illuminates the non-obvious potential eﬀects of changes in legal rules.
Health care economics scholars draw on general models of agency relationships and
litigation and deterrence to explore the imperfections of health care markets. Arrow’s
 seminal paper is the ﬁrst of many to address health care market imperfections. A
handful of studies focuses on how physicians respond to various legal regimes. For
example, Green  constructs a model to analyze how litigation aﬀects physician
behavior when patients are unable to observe physician action. Blomqvist  uses a
Several other studies do not account fully for the equilibrium eﬀects of litigation. For example,
see Simon  (assuming that the potential plaintiﬀ costlessly collects a signal of the injurer’s
negligence); Schweizer  (modelling litigation and settlement by assuming that “nature provides
the parties with information on the merits of the case”); Cooter and Rubinfeld  (modelling the
choice between settlement and litigation by assuming that the subjective expected trial payoﬀ to
the plaintiﬀ is determined solely by parties expenditures on the trial); Kaplow  (assuming the
plaintiﬀ’s probability of victory does not depend on the incentives of the defendant to take care and
concluding that increasing damages will lead to an increase in the plaintiﬀ’s willingness to sue).
Examples of other models of litigation and deterrence that consider equilibrium eﬀects in dif-
ferent settings include Png  (modelling litigation, liability and incentives for care to analyze the
eﬀects of the settlement process) and Bernardo, Talley and Welch  (constructing an equilibrium
model to study the eﬀects of legal presumptions on principal-agent relationships).
formal model of health care markets to propose a liability rule designed to mitigate the
negative eﬀects of information asymmetries. Danzon’s  study of physician behavior
under various legal regimes9 appears to be most closely related to the present study.
She examines behavior and outcomes under various MCO contracts (i.e., capitation
and fee-for-service reimbursement). These studies, while providing important insights
into physician behavior, do not consider how MCOs adjust contracts to account for
changes in legal rules. Given the modern structure of the health care industry, a
richer understanding of physician behavior can be gained by exploring how various
contract types aﬀect physician treatment choices and how these contracts change as
legal rules evolve.
The purpose of designing the model presented here is to analyze the eﬀects of
contract disclosure rules on MCO contract choices, physician treatment decisions and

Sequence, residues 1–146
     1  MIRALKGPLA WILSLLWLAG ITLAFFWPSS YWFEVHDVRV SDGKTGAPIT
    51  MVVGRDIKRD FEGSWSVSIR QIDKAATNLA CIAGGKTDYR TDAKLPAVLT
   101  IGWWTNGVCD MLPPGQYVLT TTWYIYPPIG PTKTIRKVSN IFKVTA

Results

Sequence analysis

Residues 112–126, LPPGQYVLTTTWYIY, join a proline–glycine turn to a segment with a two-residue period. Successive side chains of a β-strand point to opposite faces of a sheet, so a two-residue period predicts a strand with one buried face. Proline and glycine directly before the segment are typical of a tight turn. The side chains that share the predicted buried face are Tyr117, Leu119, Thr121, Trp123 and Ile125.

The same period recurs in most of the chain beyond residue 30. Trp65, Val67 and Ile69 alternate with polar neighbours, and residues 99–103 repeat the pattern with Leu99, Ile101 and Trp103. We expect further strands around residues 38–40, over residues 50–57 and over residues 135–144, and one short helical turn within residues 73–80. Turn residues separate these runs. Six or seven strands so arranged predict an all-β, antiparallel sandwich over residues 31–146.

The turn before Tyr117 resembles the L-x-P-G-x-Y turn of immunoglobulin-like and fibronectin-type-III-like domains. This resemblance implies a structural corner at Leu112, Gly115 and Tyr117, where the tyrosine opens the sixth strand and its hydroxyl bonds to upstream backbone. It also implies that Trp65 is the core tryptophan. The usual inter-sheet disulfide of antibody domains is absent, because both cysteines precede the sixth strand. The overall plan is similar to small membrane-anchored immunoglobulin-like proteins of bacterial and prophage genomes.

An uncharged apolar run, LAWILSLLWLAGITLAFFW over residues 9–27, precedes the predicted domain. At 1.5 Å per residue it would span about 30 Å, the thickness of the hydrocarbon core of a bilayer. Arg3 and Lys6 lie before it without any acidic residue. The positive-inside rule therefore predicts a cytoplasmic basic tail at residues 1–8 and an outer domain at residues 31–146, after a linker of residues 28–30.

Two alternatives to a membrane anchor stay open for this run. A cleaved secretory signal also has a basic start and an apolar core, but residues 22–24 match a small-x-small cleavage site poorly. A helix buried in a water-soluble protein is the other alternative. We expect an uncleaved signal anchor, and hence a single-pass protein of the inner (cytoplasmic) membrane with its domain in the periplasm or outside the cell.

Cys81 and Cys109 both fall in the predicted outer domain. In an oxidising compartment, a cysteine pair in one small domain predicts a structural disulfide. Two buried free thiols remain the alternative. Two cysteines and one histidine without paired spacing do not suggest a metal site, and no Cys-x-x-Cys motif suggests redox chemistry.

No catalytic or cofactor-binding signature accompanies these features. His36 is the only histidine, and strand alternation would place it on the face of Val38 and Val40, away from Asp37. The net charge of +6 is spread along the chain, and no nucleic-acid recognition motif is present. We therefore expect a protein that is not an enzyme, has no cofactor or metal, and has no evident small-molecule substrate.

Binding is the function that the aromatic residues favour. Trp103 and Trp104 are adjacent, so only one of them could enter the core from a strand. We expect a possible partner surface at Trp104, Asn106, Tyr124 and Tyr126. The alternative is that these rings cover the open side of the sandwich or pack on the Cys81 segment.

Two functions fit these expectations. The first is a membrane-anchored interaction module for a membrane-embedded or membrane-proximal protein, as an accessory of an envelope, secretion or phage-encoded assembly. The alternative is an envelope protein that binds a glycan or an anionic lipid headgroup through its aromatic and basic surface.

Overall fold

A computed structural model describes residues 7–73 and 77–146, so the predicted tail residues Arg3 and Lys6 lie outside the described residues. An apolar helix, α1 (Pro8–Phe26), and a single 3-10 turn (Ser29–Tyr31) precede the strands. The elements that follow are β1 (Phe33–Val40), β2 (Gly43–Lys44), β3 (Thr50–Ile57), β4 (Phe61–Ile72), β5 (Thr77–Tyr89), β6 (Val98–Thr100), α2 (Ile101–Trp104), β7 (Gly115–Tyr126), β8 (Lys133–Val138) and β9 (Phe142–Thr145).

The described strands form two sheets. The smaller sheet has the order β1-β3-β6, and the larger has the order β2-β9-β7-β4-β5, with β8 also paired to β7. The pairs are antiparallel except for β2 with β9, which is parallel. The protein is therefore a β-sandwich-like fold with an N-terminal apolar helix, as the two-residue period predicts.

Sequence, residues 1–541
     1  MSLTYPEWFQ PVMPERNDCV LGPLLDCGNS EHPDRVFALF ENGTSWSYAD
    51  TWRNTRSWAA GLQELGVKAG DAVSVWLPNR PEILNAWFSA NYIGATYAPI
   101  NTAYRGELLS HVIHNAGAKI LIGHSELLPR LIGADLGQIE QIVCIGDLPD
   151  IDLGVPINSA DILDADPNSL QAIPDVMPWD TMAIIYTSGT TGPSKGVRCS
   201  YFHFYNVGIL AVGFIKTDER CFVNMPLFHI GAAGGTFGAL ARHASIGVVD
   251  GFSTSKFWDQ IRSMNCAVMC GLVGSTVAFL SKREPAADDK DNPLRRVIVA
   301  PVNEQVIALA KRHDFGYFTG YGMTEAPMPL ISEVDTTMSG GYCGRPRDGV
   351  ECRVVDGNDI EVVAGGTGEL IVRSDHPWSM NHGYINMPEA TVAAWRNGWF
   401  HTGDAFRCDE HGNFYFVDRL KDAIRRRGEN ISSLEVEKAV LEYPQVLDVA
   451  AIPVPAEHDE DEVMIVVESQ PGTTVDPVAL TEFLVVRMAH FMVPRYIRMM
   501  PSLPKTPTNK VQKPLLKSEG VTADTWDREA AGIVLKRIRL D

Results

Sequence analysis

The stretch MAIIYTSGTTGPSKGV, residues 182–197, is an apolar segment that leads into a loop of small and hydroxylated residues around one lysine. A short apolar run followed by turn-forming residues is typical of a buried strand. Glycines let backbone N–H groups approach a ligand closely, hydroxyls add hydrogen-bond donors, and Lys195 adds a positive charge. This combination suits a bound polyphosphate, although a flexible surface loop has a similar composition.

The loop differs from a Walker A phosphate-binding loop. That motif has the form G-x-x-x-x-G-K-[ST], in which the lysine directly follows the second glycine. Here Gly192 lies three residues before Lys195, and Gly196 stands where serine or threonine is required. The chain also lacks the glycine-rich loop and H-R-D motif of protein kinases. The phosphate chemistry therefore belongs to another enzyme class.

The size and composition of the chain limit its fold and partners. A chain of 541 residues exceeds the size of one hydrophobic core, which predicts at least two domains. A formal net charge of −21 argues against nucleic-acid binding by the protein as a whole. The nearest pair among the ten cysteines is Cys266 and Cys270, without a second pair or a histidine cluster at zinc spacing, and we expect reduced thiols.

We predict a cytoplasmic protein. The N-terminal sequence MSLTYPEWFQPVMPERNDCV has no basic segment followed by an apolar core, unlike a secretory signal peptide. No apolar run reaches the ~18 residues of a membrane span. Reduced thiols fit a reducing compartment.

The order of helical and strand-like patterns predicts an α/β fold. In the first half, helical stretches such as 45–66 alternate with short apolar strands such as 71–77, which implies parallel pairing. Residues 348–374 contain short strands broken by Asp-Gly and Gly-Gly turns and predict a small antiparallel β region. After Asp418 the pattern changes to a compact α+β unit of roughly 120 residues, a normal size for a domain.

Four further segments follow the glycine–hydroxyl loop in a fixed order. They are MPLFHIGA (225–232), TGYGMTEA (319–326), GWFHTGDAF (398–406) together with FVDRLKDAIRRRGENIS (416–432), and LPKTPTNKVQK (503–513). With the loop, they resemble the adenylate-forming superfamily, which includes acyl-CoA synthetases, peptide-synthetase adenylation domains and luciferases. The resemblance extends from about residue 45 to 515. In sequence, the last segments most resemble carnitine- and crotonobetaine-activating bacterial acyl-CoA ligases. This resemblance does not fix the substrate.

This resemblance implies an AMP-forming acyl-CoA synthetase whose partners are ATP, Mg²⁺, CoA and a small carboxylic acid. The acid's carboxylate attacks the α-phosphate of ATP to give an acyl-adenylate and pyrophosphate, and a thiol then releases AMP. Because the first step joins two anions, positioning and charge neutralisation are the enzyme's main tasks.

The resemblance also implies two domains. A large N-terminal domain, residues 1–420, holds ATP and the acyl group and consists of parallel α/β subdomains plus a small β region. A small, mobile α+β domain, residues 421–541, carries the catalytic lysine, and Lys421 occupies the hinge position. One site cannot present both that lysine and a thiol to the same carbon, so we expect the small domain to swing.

patient litigation decisions. No study of disclosure laws seems to analyze formally the
eﬀects of these laws on behavior in health care markets.10 Miller and Sage  provide
a useful summary of the state of disclosure laws and discuss the potential problems
with implementing the rules. In a recent and quite comprehensive study, Sage 
summarizes the debate over whether information disclosure is an eﬀective means to
regulate health care markets. While these papers provide interesting perspectives on
disclosure rules, neither studies the complicated eﬀects of these rules on health care
actors’ behavior. In particular, no study evaluates how these rules lead MCOs to
choose diﬀerent contracts which inﬂuence treatment and litigation decisions. Without
a comprehensive analysis of the behavioral eﬀects of these rules, the usefulness of
normative prescriptions is limited.
The model also provides a means to evaluate the eﬃciency of medical malpractice
damage rules courts implement when an injured patient proves that a physician’s
Speciﬁcally, she considers no liability, negligence and strict liability regimes.
Several papers addressing disclosure rules provide useful background information. For example,
see Hellinger  (providing details on disclosure rule proliferation and a brief discussion of the
debate surrounding these rules); Morreim  (focusing on who should be required to disclose
contract information, what information should be disclosed and how disclosure rules should be
implemented); Miller and Horowitz  (addressing the challenge of informing without doing harm
to the physician-patient relationship); Hall, Kidd and Dugan  (evaluating whether disclosure
accomplishes the goals it sets out to achieve).